Home >> Cyclopedia Of Knowledge >> Minal to Or Rever Sion Life >> or Law Merchant Lex

or Law Merchant Lex Mercatoria

custom, merchants, judges, customs, reports and law-merchant

LEX MERCATORIA, or LAW MERCHANT, in a general sense, denotes the usages and customs of merchants which, having been adopted as part at the law of most countries, and particu larly of maritime states, for the proteo tion and encouragethent of trade, have been termed a branch of the law of Na tions. (Blackstone's Commentaries, vol. iv. p. 67.) In this general signification of the term, the law-merchant is at the present day extremely indefinite, as dif ferent countries have adopted different portions of it, and the mercantile usages and customs common to all are few in number. Some centuries ago, however, when the transactions of commerce were less complicated, and the rules by which they were governed were consequently simple, the provisions of the Lex Merca toria appear to have been better under stood and ascertained. Thus we find the law•merchant frequently referred to in general terms by our earlier English sta tutes and charters as a well-known system, and distinguished from the ordinary law ; as, for instance, in the stet. 27 Edw. III., 1353, it is declared " that all merchants eoming to the Staple shall be ordered ac cording to the law-merchant, and not according to the common law of the land ; " and the Charts Mercatoria, 31 Edw. I., 1304, directs the king's bailiffs, ministers, &c. " to do speedy justice to merchants, secundum legem Mercatoriam." Coke mentions the law-merchant as one of the great divisions of which the law of England is composed (Co. Litt., 11, b.), and the custom of merchants is said to be part of the law of England of which the courts are to take judicial notice. (Vanheath v. Turner, Winch's Reports, p. 24.) This, however, must be understood to apply only to general cus toms, as the rule does not comprehend particular or local usages which do not form part of any general system. The generality of the expression has caused much misunderstanding, and merchants in England have been often led to infer, that when practices or rules of trade have become established among them so as to become " customs " in the common mean ing of the term, they fbrm part of the law of the land. This misconception has fre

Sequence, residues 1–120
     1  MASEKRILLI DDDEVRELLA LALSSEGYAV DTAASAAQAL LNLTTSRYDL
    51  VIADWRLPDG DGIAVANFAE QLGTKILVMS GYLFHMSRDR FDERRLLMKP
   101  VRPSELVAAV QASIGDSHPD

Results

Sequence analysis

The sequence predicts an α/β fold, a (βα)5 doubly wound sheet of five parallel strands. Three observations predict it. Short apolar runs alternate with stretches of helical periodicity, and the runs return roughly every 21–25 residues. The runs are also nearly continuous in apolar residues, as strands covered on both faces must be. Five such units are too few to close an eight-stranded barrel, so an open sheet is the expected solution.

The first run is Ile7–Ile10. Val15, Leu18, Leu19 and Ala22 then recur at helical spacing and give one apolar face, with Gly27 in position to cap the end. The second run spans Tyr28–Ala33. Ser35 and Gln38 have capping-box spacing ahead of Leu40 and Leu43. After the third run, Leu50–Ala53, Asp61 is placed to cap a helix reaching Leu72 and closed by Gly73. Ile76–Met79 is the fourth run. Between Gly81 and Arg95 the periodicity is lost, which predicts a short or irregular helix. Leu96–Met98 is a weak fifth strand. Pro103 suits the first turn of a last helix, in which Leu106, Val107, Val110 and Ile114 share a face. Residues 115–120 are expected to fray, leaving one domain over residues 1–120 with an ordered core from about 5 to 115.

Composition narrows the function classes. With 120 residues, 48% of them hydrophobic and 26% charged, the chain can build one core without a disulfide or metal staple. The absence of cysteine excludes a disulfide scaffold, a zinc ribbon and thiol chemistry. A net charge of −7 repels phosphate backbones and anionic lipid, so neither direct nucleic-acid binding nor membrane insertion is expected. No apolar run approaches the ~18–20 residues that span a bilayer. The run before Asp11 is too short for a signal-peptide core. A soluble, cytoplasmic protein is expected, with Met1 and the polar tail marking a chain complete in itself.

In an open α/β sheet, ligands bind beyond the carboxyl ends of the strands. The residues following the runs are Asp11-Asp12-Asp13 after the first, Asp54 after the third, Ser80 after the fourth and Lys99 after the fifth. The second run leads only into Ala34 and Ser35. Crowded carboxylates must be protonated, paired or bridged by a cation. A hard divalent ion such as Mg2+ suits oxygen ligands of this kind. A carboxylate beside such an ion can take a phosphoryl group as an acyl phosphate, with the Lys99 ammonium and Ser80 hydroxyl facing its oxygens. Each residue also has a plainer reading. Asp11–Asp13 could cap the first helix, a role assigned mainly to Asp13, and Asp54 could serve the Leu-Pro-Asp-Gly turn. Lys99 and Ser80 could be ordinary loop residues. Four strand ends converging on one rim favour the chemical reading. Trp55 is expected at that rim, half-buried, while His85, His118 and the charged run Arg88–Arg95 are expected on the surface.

quently led to improper verdicts of juries in mercantile trials. It is clear, however, that the Lex Mercatoria, when used with reference to English law, like the Lex et Consuetudo Parliamenti, merely describes a general head or division of the system. What customs or rules are comprehended under that division must always be mat ter of law for the consideration of the judges ; and it is said by Chief-Justice Hobart, in the case of Vanheath v. Turner above cited, that if they doubt about it, they may " send for the merchants to know their custom, as they may send for the civilians to know their law." The principle seems to be as alluded to by Lord Hale in a case in Hardres's Reports, p. 486, that the courts are bound to take notice of the general law of merchants ; hut that, as they cannot know all the cus toms which form part of that law, they may inform themselves by directing an issue or making inquiry in some less formal manner. The latter mode has not anfrequently been adopted in modern times, and evidence of mercantile customs has sometimes been given before juries. When the custom is ascertained, the court may declare it to be legal or not according to their judgment; for the ex pression, that the court is bound to take notice of the general law of merchants, does not mean, or should not mean, that the custom, simply as such, must be re cognised as law by the judges. The re cognition of the custom by the judges makes it law. However, when the judges do recognise a general custom of trade, people are apt to consider that the custom which the judges recognise as applicable to the particular case, is itself the law, instead of considering, as they ought to do, that the judges, finding the custom to be general and a good custom, declare it to be legal. When once the custom has been thus recognised, it is law, and not before. (1 Douglas's Reports, p. 654; 1 Bingham's Reports, p. 61.)